How many pillows should you sleep on?

The answer to this question will depend on your bedroom habits (calm down, we don’t mean like that) and how high quality your pillows are.  Everyone has preferences and some of us have neck ache from making the wrong choice.  Let’s look at the different options:

One pillow on your bed

If this is your preference, we are willing to bet that you don’t like to read in bed, because reading in bed with just one pillow for support is very uncomfortable (unless you have the knack of sleeping lying down on your side, in which case, we bet you read on a Kindle or other e-reader.  Are you impressed by our Sherlock Holmes levels of deduction?).

Sleeping with just one pillow is sensible if you have suffered with any neck or joint pain – this will keep you more aligned than if you have a build-up of pillows stretching your neck.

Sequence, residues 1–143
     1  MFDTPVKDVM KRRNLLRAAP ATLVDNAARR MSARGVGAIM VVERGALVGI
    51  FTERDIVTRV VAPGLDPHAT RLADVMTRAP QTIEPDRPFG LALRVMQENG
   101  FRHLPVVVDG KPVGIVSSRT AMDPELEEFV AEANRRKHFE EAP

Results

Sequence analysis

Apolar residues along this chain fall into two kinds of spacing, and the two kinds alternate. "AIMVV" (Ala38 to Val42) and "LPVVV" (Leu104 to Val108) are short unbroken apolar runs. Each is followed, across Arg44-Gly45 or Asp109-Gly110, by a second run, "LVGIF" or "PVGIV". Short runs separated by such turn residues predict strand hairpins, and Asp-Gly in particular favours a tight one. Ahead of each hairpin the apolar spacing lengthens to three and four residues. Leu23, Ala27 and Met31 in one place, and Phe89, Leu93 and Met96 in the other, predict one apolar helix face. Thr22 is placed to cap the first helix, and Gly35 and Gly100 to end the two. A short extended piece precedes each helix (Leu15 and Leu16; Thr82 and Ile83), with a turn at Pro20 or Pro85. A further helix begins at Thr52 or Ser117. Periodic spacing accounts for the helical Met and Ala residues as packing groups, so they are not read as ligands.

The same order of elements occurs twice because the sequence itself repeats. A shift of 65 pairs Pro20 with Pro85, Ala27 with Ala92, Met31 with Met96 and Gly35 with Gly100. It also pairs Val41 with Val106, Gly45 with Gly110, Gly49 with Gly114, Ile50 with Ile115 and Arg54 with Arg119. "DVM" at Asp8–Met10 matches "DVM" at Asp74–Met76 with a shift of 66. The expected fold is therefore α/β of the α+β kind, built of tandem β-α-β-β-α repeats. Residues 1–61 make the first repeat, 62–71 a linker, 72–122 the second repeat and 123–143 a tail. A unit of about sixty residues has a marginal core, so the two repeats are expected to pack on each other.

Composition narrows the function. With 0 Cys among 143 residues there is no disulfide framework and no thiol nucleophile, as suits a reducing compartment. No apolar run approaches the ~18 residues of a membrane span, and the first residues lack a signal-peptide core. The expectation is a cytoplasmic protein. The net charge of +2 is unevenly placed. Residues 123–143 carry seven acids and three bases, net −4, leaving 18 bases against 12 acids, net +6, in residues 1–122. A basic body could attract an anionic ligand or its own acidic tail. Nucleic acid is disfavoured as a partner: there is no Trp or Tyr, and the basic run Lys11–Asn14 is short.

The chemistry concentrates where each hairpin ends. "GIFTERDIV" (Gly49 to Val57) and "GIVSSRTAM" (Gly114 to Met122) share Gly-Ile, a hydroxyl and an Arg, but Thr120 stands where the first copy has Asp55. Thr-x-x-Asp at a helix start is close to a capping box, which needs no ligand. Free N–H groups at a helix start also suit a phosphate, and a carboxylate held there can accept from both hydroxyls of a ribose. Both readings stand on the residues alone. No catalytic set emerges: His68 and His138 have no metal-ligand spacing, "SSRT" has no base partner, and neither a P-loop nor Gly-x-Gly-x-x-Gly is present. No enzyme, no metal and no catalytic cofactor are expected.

Maybe you’re a memory foam convert?  If so, you will only have one pillow, one that is moulded to your shape.

Two pillows on your bed

This is the classic choice, beloved by people all over the country (and begrudgingly acknowledged by cost-cutting hotels and B&Bs…)

To make sure your pillows aren’t too full, it’s a good idea to combine two different types – try a plump hollow fibre underneath a soft and squishy feather pillow for a great level of comfort.

More than two pillows on your bed

Seriously?  Actually, this author has three pillows on her bed…and there is some logic here.  If you read a lot in bed, three pillows create really good back support, you can use one of the pillows specifically to bolster your lower back.  Then, when it’s time to sleep (here’s the ingenious bit) leave one of the pillows side up against headboard and lay your head on the other two.  If you change which two out of the three pillows you sleep on each night, then you get more wear out of them!

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